To reduce junk food consumption through price control, sin taxes have been implemented. Targeting saturated fat consumption, Denmark introduced the world's first fat-food tax in October 2011 by imposing a surcharge on all foods, including those made from natural ingredients, that contain more than 2.3 percent saturated fat, an unpopular measure that lasted a little over a year. Hungary has imposed taxes on foods and beverages high in added sugar, fat, and salt. Norway taxes refined sugar, and Mexico has various excises on unhealthy food. On April 1, 2015, the first fat tax in the US, the Navajo Nation's Healthy Diné Nation Act of 2014, mandating a 2% junk food tax, came into effect, covering the 27,000 sq mi (70,000 km2) Navajo reservation; the Act targeted problems with obesity and diabetes among the Navajo population.
Junk food that is targeted at children is a contentious issue. In "The Impact of Advertising on Childhood obesity", the American Psychological Association reports: "Research has found strong associations between increases in advertising for non-nutritious foods and rates of childhood obesity." Advertising of unhealthy foods to children increases their consumption of the product and positive attitudes (liking or wanting to buy) about the advertised product. Children's critical reasoning (the ability to understand what an advertisement is and the aim of advertising to buy the product) is not protective against the impact of advertising, and does not appear to be fully developed during adolescence.
In Australia, a Wollongong University study in 2015 found that junk food sponsors were mentioned over 1,000 times in a single Australian cricket match broadcast, which included ads and branding worn on players' uniforms and on the scoreboard and pitch. A coalition of Australian obesity, cancer, and diabetes organizations called on Cricket Australia, the sport's governing body, to "phase out sponsorships with unhealthy brands", emphasizing that cricket is a "healthy, family-oriented sport" with children in the audience.
If you ask, which one is better from the taste point of view, the battle between healthy food and junk food never ends. Mindful eaters might argue that nutritional food items are tastier too but when it comes to choosing between the two, junk food always win the race.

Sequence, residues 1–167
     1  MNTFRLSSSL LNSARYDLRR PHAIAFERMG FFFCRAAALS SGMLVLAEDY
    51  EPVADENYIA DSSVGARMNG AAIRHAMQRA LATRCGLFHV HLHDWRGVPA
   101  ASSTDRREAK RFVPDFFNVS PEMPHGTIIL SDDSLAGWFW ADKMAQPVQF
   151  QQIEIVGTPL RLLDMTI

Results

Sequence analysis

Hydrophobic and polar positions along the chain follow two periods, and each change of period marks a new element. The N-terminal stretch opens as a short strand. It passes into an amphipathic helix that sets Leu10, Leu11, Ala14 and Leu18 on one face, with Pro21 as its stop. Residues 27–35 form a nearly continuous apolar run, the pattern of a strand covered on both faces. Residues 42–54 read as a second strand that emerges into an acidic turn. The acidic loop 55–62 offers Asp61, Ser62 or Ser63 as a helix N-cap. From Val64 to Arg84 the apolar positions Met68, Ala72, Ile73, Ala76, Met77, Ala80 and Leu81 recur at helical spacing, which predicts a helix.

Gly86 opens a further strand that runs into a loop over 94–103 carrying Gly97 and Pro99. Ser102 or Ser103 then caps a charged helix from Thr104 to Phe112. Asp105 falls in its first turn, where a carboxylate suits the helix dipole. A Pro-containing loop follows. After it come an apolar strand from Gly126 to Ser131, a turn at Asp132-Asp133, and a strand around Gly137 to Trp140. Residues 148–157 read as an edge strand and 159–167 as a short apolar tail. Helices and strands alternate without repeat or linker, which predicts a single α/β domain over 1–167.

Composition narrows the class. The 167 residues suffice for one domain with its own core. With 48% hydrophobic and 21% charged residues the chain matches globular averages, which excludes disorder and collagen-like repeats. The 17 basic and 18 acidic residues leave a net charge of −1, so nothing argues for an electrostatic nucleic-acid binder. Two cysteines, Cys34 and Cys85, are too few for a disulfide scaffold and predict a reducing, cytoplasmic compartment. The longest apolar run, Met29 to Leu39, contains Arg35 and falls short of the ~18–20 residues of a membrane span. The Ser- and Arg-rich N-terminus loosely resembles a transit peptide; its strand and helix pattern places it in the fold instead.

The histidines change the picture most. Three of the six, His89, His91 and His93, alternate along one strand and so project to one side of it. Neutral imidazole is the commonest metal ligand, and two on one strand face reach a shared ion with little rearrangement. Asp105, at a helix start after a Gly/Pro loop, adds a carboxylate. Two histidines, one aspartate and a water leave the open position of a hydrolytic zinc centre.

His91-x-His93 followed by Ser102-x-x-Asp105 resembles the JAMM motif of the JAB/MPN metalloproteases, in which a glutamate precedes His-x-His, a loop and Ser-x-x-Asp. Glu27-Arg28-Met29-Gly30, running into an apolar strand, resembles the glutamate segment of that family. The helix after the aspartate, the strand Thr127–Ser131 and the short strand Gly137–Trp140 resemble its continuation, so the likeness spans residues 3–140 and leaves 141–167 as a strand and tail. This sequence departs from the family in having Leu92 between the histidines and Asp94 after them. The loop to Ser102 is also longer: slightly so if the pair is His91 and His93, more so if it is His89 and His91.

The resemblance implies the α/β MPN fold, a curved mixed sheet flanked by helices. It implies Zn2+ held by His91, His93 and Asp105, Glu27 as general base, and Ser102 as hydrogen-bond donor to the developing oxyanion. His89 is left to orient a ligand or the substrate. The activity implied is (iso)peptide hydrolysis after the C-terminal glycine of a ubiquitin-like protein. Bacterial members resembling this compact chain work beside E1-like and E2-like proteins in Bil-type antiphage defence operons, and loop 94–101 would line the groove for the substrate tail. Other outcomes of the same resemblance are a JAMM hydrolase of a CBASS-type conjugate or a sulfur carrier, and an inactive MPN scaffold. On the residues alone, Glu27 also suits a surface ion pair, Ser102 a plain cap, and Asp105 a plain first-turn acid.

But why? Well, agree or disagree cravings are irresistible and unhealthy eating habits are actually a norm. We can kill our mid-day hunger pangs with an apple or a fistful of nuts, but most of us end nibbling upon a pile of French fries or pizza and even guzzle down fizzy drinks. It in fact, has become a mammoth task for these days parents in convincing their children to pick fresh veggies, fruits, nuts, salads, soups over these unhealthy and calorie loaded recipes.
Junk food is the best example of an unbalanced diet categorised by a huge proportion of simple carbs, refined sugar, salt, saturated fat and with very low nutritional value. These foods are processed to a great extent where they almost lose all of their vital nutrients, fibre and water content. Junk food may be quite convenient, readily available on the go, cheap whereas healthy food is best for maintaining weight, getting an adequate amount of essential nutrients and for keeping you in good state of health.
Why do we enjoy junk food so much when we know that it is unhealthy for us? Read through this article to get a clear view on how junk food impacts your health and the merits of consuming nutritional food items.
Healthy food refers to a whole lot of fresh and natural products such as fruits, vegetables, whole grains, lean proteins and good fats that deliver your body with essential nutrients for carrying out several bodily processes, combat sickness and keep diseases at bay. Some of the healthy foods include apples, greens, carrots, oatmeal, whole grain, beans and legumes, fish, eggs, avocado, milk and milk products and olive oil to mention a few.
When you consume a diet that is packed with natural fresh produce, it facilitates to lower the risk of several chronic disorders like cancer, obesity, cardiovascular problems, diabetes and many more. Furthermore, healthy foods are mostly low on calories and contain huge amounts of vitamins, minerals, antioxidants and dietary fibre that are well-known for promoting total well-being.
Healthy foods like fruits and veggies or whole grain cereals are a source of good dietary fibre. An adequate amount of fibre in the diet helps with delaying gastric emptying time, keep you satiated and prevent you from overeating. Fibre-rich foods also benefit to maintain the digestive system healthy and function effectively thereby lowering cholesterol and blood glucose level.
Yes, healthy food not only provides you with needed essential nutrients but also delivers you with a spectrum of health incentives which hold a significant role in uplifting your overall physical, mental and emotional well-being.
When kids prefer healthy food it ensures them to be more productive and efficient with time and memorize things they have learned, rather than being sleepy and reading the same things over and over again.